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17 Apr 2024

New finds at Culloden shed light on intensity of battle

Written by Sarah Burnett
Hand holding two small and old metal objects.
Grapeshot and a damaged buckle found near the position of the Government front line
Our archaeologists have found grapeshot and an intriguing buckle at Culloden battlefield.

Latest investigations by our archaeologists at Culloden battlefield have recovered a wide range of artefacts, including a buckle we believe to be the shoe buckle of Donald Cameron of Lochiel. Also known as ‘The Gentle Lochiel’, he led the 400-strong Camerons regiment into the battle and was wounded as he did so.

The fierceness of the fighting at Culloden is brought to life by the large number of musket balls and grapeshot unearthed in a small 60 sq m area close to the Government frontline. These findings, made during test pit excavation and metal detecting in late 2023 and processed this year, were revealed as our charity marked the 278th anniversary of the battle on 16 April 1746, which saw around 1,600 men killed in less than an hour.

Of particular significance and interest to our archaeology team were two items found in close proximity — a single piece of heavy lead grapeshot and a broken copper alloy buckle; as Derek Alexander, Head of Archaeology, explained: ‘The grapeshot has obviously hit something with great force as one side of the lead ball has been completely flattened. The ball would have been around 2–3cm in diameter and, at 102g, weighed about four times a standard musket ball. The flattened side of the impacted ball has a striped impression, with part of the surface gouged and rolled back and an angular cut on one of its edges. It looks like it hit something angular with enough force to flatten the ball but also at an angle to cause the gouge across it.’

The other item found in the same hole was a flat copper alloy object. This appears to be part of a broken rectangular framed buckle for a strap measuring 26mm wide. The buckle is decorated on the outside with cast beaded dots, plain lines and a central twisted-rope pattern, with a shape reminiscent of the flat, slightly-curved shoe buckles often shown in contemporary illustrations.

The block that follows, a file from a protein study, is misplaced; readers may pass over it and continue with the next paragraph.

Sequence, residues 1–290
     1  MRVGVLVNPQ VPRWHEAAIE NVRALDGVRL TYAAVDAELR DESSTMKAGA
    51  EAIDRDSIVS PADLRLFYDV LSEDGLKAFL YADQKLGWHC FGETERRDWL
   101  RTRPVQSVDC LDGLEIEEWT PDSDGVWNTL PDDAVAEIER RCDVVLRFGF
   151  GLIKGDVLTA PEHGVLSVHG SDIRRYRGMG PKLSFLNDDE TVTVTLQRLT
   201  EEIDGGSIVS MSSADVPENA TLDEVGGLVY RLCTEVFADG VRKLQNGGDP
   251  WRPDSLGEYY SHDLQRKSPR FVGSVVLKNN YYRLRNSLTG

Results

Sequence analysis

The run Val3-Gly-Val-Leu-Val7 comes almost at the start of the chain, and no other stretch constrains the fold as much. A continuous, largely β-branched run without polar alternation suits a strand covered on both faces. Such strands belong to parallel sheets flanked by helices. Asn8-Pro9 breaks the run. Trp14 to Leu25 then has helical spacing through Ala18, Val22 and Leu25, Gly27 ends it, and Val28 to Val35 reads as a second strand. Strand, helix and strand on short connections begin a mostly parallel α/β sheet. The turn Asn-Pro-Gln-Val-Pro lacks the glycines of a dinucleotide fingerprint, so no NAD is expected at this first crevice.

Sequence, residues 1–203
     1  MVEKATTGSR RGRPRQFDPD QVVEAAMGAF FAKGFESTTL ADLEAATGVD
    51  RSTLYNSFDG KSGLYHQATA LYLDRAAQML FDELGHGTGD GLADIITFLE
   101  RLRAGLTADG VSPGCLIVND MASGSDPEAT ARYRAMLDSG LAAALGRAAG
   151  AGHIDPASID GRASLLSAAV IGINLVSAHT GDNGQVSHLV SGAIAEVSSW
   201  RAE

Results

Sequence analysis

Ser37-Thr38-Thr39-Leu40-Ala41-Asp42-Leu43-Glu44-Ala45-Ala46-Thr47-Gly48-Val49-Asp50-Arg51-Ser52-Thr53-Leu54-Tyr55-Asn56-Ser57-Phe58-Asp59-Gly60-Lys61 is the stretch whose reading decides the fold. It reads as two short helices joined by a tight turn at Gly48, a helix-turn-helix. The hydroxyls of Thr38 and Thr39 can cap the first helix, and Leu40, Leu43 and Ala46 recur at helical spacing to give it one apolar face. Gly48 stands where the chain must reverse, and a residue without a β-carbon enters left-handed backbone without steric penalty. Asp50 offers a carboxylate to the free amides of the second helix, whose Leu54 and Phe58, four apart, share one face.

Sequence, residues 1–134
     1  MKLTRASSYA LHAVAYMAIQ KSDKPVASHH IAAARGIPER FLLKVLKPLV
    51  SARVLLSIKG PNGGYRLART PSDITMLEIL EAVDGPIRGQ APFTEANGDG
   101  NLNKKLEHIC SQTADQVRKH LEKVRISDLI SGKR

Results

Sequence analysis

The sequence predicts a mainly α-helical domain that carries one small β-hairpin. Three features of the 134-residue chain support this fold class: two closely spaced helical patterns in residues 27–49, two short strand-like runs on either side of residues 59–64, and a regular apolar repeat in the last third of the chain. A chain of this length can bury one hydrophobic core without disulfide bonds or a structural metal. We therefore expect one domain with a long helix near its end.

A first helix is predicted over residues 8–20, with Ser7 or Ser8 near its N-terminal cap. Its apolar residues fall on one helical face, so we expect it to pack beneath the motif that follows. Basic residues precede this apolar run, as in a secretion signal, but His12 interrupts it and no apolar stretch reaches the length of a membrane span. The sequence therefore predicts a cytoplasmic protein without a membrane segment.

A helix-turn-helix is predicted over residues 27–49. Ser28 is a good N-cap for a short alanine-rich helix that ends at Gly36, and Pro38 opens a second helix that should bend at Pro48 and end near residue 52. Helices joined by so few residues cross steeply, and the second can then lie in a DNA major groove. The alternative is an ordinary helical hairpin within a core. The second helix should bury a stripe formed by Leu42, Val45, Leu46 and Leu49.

Derek Alexander continues: ‘The juxtaposition of both these artefacts, recovered from the same hole and within 20–30m of the British Army front line, is intriguing and the obvious conclusion would be that the grapeshot hit the shoe buckle and broke off one end. This is of particular significance as one of the most recounted stories of the Jacobite charge at Culloden is the wounding of Donald Cameron of Lochiel, known as ‘The Gentle Lochiel’. The late Christopher Duffy, a leading authority on the Battle of Culloden, tells how Lochiel ‘advancing at the head of his regiment (the Camerons), was so near Barrell’s (Government Regiment) that he fired his pistol, and was drawing his sword when he fell, wounded with grapeshot in both ankles’.

‘This description shows us that Lochiel was hit in the ankles charging forward and if he had been wearing shoes with buckles, it is possible that these would have been hit and partly absorbed the impact. We can’t prove that this is what happened but both objects combine to tell the story of the terrible events that took place on that day.’

Donald Cameron of Lochiel (1695–1748) was the hereditary chief of Clan Cameron and led their 400-strong regiment at the Battle of Culloden. A staunch Jacobite, he played a key role in the 1745 Rising and marched with his clan regiment to Derby and back. Despite being wounded at Culloden, he managed to escape to France with Bonnie Prince Charlie in September 1746. He died of a stroke in northern France at the age of 53 in 1748. After the Rising, he was given the nickname ‘The Gentle Lochiel’ due to him preventing the Jacobite army from sacking the city of Glasgow in 1746.